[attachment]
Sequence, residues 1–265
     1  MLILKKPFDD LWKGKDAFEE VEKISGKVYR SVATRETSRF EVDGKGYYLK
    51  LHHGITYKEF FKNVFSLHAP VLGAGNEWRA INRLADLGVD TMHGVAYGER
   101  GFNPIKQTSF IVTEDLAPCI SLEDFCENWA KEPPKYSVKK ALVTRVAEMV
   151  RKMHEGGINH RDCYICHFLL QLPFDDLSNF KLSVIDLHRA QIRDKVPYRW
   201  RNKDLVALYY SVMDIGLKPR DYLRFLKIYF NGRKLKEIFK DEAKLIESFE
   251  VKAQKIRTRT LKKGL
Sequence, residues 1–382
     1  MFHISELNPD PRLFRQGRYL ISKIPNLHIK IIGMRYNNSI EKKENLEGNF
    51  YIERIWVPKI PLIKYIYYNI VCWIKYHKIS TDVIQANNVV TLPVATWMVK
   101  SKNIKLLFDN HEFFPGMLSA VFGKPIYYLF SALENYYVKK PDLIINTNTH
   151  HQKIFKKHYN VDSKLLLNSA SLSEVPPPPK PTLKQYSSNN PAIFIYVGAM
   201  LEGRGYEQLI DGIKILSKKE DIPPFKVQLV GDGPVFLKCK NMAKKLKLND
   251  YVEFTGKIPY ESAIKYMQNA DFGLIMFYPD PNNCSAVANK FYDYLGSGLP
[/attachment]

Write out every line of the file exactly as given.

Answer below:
Sequence, residues 1–265
     1  MLILKKPFDD LWKGKDAFEE VEKISGKVYR SVATRETSRF EVDGKGYYLK
    51  LHHGITYKEF FKNVFSLHAP VLGAGNEWRA INRLADLGVD TMHGVAYGER
   101  GFNPIKQTSF IVTEDLAPCI SLEDFCENWA KEPPKYSVKK ALVTRVAEMV
   151  RKMHEGGINH RDCYICHFLL QLPFDDLSNF KLSVIDLHRA QIRDKVPYRW
   201  RNKDLVALYY SVMDIGLKPR DYLRFLKIYF NGRKLKEIFK DEAKLIESFE
   251  VKAQKIRTRT LKKGL
Sequence, residues 1–382
     1  MFHISELNPD PRLFRQGRYL ISKIPNLHIK IIGMRYNNSI EKKENLEGNF
    51  YIERIWVPKI PLIKYIYYNI VCWIKYHKIS TDVIQANNVV TLPVATWMVK
   101  SKNIKLLFDN HEFFPGMLSA VFGKPIYYLF SALENYYVKK PDLIINTNTH
   151  HQKIFKKHYN VDSKLLLNSA SLSEVPPPPK PTLKQYSSNN PAIFIYVGAM
   201  LEGRGYEQLI DGIKILSKKE DIPPFKVQLV GDGPVFLKCK NMAKKLKLND
   251  YVEFTGKIPY ESAIKYMQNA DFGLIMFYPD PNNCSAVANK FYDYLGSGLP